Neigh­bors should prac­tice eti­quette when host­ing par­ties

Maryland Independent - - Community Forum -

I live in a sub­di­vi­sion of sin­gle fam­ily and town­house units. The lots for sin­gle fam­ily units are .25 acres or less, with the town­home lots even smaller. Charles County or­di­nances are quite clear re­gard­ing noise lev­els in a neigh­bor­hood, but some neigh­bors do not un­der­stand nor care about the eti­quette of host­ing large par­ties in a res­i­den­tial neigh­bor­hood.

When plan­ning large par­ties, the right thing to do is to use a com­mer­cial or a public park venue. The noise lev­els of an out­door party may in­ter­fere with your neigh­bors’ right to en­joy peace and quiet at home.

This past week­end, I re­quested for a neigh­bor to lower the noise level, af­ter be­ing un­able to take a nap in my own home. Cer­tain peo­ple ei­ther ig­nore the re­quest or sim­ply raise the vol­ume af­ter a short while, even af­ter au­thor­i­ties have been called to reg­is­ter noise com­plaints. Ci­vil­ity mat­ters here folks. If you are go­ing to have a large party and know you will be play­ing loud mu­sic which might bother some­one else in a sub­di­vi­sion, you ought to do the right thing and rent a pavil­ion in a public park or ho­tel. To sub­ject your neigh­bors to your noisy party is rude and not neigh­borly. Not only that, but it is against county code, and against the by­laws of most home own­ers as­so­ci­a­tions to have such large loud par­ties. I am all for par­ties and hav­ing a good time in the sum­mer­time, but please re­spect your fel­low neigh­bors by hav­ing your large party in a more ap­pro­pri­ate venue, not your small home with noise that would dis­turb oth­ers. Thank you for read­ing.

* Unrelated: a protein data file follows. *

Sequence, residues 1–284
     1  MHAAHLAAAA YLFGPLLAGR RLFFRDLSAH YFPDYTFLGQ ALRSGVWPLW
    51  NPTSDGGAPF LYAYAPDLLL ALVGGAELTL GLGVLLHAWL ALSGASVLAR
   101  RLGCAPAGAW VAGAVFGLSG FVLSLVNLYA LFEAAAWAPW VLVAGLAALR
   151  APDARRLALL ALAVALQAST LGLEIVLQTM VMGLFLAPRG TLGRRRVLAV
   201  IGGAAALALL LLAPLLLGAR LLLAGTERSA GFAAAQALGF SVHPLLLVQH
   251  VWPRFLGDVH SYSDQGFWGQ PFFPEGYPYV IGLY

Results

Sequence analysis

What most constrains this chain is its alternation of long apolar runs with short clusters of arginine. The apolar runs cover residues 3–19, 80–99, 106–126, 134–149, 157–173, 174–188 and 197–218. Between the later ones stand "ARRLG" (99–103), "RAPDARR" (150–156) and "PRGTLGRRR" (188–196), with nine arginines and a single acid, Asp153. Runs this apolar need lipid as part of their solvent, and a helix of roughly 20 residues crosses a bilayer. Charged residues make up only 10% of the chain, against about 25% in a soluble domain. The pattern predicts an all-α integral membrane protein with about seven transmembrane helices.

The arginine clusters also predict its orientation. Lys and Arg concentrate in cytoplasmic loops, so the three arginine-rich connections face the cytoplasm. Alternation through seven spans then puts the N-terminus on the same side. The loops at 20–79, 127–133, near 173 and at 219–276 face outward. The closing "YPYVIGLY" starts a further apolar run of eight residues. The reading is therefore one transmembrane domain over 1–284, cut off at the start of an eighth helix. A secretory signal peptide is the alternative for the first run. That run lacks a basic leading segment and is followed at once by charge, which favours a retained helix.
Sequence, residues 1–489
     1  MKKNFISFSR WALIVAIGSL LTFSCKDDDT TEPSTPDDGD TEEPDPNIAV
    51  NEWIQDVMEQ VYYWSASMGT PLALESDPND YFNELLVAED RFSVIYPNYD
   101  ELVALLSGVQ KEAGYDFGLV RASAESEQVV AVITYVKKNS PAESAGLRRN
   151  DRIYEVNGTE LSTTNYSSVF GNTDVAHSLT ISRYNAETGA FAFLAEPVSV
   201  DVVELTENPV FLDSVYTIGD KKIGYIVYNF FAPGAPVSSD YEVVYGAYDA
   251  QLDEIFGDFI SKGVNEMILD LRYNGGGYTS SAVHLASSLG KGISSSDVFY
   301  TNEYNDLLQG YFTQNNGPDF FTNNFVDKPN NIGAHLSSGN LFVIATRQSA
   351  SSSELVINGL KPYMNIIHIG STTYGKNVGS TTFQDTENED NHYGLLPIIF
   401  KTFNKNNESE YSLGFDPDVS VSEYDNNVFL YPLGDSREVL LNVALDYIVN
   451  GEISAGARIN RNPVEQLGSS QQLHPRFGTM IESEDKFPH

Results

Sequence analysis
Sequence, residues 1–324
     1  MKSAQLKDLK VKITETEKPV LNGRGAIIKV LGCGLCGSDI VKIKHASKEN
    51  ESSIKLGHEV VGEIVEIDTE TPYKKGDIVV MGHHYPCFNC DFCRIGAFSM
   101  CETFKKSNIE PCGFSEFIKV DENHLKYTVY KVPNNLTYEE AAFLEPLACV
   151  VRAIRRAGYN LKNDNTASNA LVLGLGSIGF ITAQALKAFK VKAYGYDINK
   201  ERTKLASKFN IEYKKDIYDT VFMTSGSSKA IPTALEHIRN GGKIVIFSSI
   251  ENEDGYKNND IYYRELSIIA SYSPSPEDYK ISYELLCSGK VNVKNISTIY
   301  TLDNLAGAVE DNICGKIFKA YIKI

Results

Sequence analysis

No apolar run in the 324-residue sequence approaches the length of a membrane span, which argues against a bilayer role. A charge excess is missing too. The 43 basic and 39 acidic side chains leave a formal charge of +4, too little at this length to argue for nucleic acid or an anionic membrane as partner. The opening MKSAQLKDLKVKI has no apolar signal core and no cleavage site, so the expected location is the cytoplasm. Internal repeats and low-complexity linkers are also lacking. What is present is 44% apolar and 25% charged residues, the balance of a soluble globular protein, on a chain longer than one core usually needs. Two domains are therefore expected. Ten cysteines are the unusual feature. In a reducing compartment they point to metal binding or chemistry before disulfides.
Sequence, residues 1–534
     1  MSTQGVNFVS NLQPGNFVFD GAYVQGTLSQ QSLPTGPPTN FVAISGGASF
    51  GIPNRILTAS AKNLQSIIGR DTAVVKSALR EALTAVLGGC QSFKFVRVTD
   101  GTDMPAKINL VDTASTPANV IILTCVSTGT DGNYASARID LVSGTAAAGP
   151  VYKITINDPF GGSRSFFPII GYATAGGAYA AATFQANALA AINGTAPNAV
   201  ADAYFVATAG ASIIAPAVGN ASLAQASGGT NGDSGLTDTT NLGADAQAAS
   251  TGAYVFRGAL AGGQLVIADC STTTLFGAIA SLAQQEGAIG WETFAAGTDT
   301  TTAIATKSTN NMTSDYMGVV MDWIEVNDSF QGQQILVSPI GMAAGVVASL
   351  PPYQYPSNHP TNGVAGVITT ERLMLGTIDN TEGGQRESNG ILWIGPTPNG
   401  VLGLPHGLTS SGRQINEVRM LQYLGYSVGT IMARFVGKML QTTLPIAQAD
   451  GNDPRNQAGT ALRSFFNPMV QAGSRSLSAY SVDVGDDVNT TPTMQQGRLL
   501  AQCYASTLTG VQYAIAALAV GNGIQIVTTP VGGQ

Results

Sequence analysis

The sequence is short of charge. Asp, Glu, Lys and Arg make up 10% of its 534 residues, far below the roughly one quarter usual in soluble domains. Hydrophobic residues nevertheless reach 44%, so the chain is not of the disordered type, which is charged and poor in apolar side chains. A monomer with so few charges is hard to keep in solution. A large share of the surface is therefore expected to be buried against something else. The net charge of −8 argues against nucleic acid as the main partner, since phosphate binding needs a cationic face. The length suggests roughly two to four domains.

Tom Baker, Wal­dorf

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